Green to champion their cause.
SLOCAN LAKEORK SHIPMENTS.
"Shipments  of oro fr.im Silverton for
the year 1899. totaled 1698 Tons.
All other Lake points 1385     "
The shipment   ot  ore   from   Slocan
Lake points, up lo and including   the
present week, from Jan. 1, 1900.
From Bosun Landing. _.. . wa 3    Tons.
Bosun..... 300
From New Denver
Hartney  20
Cupplla  7
From Silverton Tons.
Emily Edith 20
Hewett 30
Vancouver    20
Wakefield, (concentrates) 320
Galena' Mines       20
From Enterprise Landing
Enterprise 020
From Slocan City
Arlington     300
Black Prince    60
equitable Joint freight and passenger
arrangements, tlie Province will continue this line to Ihe eastern boundary
of the Province. Proiwr connection
with such Kootenay railway lo the island of Vancouver. With respect to
other parts of the Province, to proceed
to itive to every portion of it railway
connection at aa early a date as possible,
the railway, when constructed, to be
operated hy the Government through a
Commission.
16. A railway brldpe to be constructed
in connection with the Kootenay railway across the Fraser river, a', or near,
New Westminster, and running powers
given over it to onv other isilway
company applying for the same under
proper conditions.
17. In cose it is thought at any lime
advisable to give a bonus to any railway
company, the same to be in cash, and
uot by "wav of a land grant; ami no
such bonus to le granted except upon
the condition that a fair amount of the
bonds or shares of the company he
transferred lo the Province, and efl'ec-
tive menus taken to give the Province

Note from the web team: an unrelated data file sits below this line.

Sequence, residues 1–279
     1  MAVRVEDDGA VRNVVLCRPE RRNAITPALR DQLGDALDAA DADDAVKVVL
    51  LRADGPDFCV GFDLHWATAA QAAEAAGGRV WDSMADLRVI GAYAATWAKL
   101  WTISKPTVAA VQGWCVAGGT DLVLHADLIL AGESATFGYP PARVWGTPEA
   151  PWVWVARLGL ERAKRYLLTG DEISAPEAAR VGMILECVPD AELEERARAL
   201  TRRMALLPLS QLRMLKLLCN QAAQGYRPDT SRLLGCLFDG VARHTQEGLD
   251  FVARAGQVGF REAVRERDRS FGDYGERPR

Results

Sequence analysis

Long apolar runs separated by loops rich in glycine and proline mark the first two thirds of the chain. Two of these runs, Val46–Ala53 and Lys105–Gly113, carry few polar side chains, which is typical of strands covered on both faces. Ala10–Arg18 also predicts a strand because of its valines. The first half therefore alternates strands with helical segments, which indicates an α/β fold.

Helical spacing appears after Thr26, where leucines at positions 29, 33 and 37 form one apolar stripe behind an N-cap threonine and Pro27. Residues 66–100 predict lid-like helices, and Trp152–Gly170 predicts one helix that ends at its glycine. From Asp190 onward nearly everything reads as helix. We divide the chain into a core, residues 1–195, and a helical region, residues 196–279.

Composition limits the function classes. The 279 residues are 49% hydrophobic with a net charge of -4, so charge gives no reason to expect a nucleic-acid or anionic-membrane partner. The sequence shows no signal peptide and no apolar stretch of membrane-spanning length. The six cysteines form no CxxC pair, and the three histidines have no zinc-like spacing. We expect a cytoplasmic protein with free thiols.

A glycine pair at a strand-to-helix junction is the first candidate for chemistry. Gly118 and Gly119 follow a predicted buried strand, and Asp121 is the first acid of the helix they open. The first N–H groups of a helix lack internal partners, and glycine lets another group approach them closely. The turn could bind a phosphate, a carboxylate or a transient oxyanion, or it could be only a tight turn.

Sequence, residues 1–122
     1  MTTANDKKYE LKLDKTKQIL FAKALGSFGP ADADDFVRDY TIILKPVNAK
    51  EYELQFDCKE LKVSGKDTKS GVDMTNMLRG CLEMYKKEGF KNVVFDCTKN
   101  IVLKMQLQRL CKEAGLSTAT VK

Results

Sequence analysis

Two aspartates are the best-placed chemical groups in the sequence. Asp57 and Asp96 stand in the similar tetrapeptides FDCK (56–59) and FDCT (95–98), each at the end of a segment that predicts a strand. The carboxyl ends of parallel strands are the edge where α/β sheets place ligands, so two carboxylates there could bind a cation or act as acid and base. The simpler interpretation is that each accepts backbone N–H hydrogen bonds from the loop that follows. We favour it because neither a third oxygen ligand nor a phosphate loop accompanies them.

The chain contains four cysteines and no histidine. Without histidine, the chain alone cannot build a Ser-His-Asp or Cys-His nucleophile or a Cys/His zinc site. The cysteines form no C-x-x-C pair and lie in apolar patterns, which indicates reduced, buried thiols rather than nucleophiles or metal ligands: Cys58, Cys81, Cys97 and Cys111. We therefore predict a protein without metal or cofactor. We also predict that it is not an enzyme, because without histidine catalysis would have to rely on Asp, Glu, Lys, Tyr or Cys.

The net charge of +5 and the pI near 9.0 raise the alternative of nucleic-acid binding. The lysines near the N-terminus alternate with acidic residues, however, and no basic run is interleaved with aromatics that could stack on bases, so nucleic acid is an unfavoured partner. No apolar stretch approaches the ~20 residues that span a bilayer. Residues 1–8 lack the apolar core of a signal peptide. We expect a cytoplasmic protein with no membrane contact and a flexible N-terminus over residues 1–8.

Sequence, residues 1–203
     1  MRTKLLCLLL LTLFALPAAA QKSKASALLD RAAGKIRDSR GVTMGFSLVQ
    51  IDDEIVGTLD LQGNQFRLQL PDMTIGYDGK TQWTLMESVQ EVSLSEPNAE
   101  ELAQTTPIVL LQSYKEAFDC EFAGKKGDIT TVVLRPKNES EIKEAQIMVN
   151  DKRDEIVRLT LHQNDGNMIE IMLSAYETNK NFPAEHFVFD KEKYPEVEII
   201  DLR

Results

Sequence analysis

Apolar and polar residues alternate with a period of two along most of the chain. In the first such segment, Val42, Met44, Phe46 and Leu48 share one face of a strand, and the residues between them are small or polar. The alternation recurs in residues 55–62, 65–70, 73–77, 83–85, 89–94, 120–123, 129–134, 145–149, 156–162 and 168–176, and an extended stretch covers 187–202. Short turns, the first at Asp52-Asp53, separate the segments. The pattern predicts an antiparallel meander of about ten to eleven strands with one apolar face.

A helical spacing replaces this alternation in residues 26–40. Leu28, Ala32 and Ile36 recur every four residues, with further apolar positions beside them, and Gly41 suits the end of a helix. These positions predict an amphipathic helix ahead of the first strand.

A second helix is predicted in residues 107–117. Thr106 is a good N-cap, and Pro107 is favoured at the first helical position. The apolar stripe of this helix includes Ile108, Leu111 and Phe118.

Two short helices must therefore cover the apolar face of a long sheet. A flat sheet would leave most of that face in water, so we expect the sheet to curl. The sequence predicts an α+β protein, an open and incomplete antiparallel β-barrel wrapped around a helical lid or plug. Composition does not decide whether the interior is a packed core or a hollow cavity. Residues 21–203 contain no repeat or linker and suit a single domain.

control of the freight and passenger
rates, and provision made against such
railway having any liabilitiis against it
except actual cost.
18. To take away from the Lieutenant-Governor in-Co'uneil any power to
make substantive changes in the law,
confii.ing the jurisdiction entirely to
matters of detail in working out Ihe laws
enacted by the Legislature.
19. The establishment of an institution within the Province for the education of the deal and dumb.
20. To repeal the Alien Exclusion Act,
as tlie reasons justifying its enactment
do Ioniser obtain.
21. An amicable settlement ol the
dispute with the Dominion Government
as to D-'iulman's Island, Stanley Park
and other lands, and an arrangement
with Mr. Ludg te, by whicli, if possible
a sawmill industry may he established
and carried on on Headman's Island,
under satisfactory conditions, protecting
the interests of tlie public.
22. Proper means of giving technical
instruction to miners and prospectors.
LIST OF PROVINCIAL CANDIDATES.
CONSTITUENCIES
GOVERNMENT.
Martin
Liberal
OPPOSITION
Conservatives
Prov.
Partv
-
Turner I   Labor
Victoria.
Vancouver 4
Cassiar 2
Cariboo   2
Westminster
Nanaimo City
Nanaimo North
Nanaimo South
Albemi
Comox
Cowichan
Victoria North
Victoria South
East Lillooet
West Lillooet
Dewdney
Delta
West Yale
North Yule
East Yale
Revelstoke
Nelson
Slocan
Rossland
North East Kootenay
S East Kootenay
Richmond
Chllliwhack
Martin            Turner     	
Beckwith  Helmcken	
Brown    Ha'l   	
Yates McPhilllps 	
Martin    Wilson.. Cotton Dixon
McQueen   Gardiner  Williams
McPherson    Tallow	
Glhnonr      Wood   	
Esq'iiraalt 2  { nay ward. Higgina	
' Fraser Pooley	
  Clifford.. Langley    Irving	
 Kinchant Rogers      	
 .lanes... Hunter   	
Brown Reid	
I Smith     	
 Mclnnis  Bryden.. Dixon
   Dunsmuir Ratcliff
Redford Neill !	
 Mcl'hee. .Mounce	
Ford   ., Dickie Mutter	
  White...Booth	
  Sangster Eberts	
Graham Prentice	
 Skinner...Smith   	
V. Iietham McBride	
Oliver    Berrey ... Forster	
Beebe       Mnrphy	
Palmer Fulton Deane	
Snodgrass Raymer .. Ellison	
McRae  Taylor	
 Hall Fletcher      Houston 	
Kane Keen Green	
Curtis Mcintosh	
Armstrong   Palmer Wells	
Smith Fernie  Costigan	
Rowan Wilkinson.. Kidd